On valuing impairment

Philosophical Studies 175 (5):1113-1133 (2018)
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Abstract

In The Minority Body, Elizabeth Barnes rejects prevailing social constructionist accounts of disability for two reasons. First, because they understand disability in terms of oppressive social responses to bodily impairment, they cannot make sense of disability pride. Second, they maintain a problematic distinction between impairment and disability. In response to these challenges, this paper defends a version of the social model of disability, which we call the Social Exclusion Model. On our account, to be disabled is to be in a bodily or psychological state that is represented as an impairment in the prevailing ideology of one’s society, and to be excluded from valuable activities on the basis of this representation. While this model refers to a distinction between disability and impairment, it makes no presuppositions about which bodies function ‘normally’ and which do not. It is the ideology of impairment rather than impairment itself that does any work to determine whether a person is disabled. We argue that this model answers some of the important objections that Barnes raises against prevailing social constructionist accounts of disability, and that it’s focus on the oppressive social positioning of disabled people gives it explanatory power that Barnes’s own account lacks.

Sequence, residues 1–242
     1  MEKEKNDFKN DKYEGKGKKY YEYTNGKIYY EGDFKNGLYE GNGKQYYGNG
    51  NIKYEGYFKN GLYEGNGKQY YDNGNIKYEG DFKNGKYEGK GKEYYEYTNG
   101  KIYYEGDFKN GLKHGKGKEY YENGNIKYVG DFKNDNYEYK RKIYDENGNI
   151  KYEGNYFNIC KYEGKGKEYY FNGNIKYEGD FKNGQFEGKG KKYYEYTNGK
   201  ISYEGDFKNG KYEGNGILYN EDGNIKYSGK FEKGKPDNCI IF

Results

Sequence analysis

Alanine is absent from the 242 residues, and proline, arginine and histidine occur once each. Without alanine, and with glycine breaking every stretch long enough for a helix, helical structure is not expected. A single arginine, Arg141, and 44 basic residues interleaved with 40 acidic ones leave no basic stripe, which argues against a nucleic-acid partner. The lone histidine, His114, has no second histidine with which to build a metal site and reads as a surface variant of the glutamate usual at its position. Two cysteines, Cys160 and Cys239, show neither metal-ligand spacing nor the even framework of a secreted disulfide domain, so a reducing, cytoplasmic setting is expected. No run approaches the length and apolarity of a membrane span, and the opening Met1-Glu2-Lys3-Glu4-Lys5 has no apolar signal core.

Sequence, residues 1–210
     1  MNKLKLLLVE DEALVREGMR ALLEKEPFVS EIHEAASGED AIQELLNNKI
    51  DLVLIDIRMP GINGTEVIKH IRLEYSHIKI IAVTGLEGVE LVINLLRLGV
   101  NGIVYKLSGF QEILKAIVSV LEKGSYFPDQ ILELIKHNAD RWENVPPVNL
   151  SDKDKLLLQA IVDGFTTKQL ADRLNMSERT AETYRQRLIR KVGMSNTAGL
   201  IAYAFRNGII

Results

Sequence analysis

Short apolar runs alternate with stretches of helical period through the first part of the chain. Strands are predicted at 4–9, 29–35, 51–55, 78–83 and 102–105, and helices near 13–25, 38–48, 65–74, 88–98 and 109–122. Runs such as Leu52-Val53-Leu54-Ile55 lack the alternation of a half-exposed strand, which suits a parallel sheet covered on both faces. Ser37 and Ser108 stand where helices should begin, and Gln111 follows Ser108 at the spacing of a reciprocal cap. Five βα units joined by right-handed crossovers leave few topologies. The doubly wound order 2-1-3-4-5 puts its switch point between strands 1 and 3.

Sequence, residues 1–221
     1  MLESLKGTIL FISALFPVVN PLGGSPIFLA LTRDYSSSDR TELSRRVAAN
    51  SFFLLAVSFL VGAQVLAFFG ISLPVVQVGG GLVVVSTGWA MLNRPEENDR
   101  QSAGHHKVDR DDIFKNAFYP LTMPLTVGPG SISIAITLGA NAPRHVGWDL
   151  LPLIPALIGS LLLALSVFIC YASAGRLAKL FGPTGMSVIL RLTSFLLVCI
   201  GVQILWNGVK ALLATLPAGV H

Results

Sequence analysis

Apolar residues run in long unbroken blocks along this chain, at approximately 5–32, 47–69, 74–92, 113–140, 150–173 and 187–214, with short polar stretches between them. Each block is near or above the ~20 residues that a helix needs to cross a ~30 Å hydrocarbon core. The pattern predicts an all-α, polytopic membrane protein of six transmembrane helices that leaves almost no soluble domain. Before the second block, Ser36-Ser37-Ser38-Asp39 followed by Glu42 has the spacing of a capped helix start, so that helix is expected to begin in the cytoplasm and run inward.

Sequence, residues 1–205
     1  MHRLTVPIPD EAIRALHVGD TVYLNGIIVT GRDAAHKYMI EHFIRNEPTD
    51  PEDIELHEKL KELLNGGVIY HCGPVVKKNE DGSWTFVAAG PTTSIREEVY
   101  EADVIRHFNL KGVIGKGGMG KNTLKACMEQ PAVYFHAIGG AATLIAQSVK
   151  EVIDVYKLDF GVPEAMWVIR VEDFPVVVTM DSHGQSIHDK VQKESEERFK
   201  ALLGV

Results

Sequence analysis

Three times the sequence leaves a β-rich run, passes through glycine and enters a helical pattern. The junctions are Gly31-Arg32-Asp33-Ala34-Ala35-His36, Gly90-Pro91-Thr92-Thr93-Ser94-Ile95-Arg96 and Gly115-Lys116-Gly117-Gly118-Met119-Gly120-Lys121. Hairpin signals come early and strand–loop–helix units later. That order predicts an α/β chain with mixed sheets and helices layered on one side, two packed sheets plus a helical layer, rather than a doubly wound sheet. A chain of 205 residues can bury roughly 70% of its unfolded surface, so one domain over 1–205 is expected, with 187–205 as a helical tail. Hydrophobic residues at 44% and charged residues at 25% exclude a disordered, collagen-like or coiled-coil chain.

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Author Profiles

Sean Aas
Georgetown University
Dana Howard
Ohio State University

Citations of this work

Disability Studies, Conceptual Engineering, and Conceptual Activism.Elizabeth Amber Cantalamessa - 2021 - Inquiry: An Interdisciplinary Journal of Philosophy 64 (1-2):46-75.
Disability, Impairment, and Marginalised Functioning.Katharine Jenkins & Aness Kim Webster - 2021 - Australasian Journal of Philosophy 99 (4):730-747.
Disability: A Justice-Based Account.Jessica Begon - 2021 - Philosophical Studies 178 (3):935-962.
Sexual Reorientation in Ideal and Non‐Ideal Theory.Candice Delmas & Sean Aas - 2018 - Journal of Political Philosophy 26 (4):463-485.
Disability as Inability.Alex Gregory - 2020 - Journal of Ethics and Social Philosophy 18 (1):23-48.

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References found in this work

What is It to Be Healthy?E. Kingma - 2007 - Analysis 67 (2):128-133.
Against Normal Function.Ron Amundson - 2000 - Studies in History and Philosophy of Science Part C: Studies in History and Philosophy of Biological and Biomedical Sciences 31 (1):33-53.
The Welfarist Account of Disability.Guy Kahane & Julian Savulescu - 2009 - In Kimberley Brownlee & Adam Cureton (eds.), Disability and Disadvantage. Oxford University Press. pp. 14-53.

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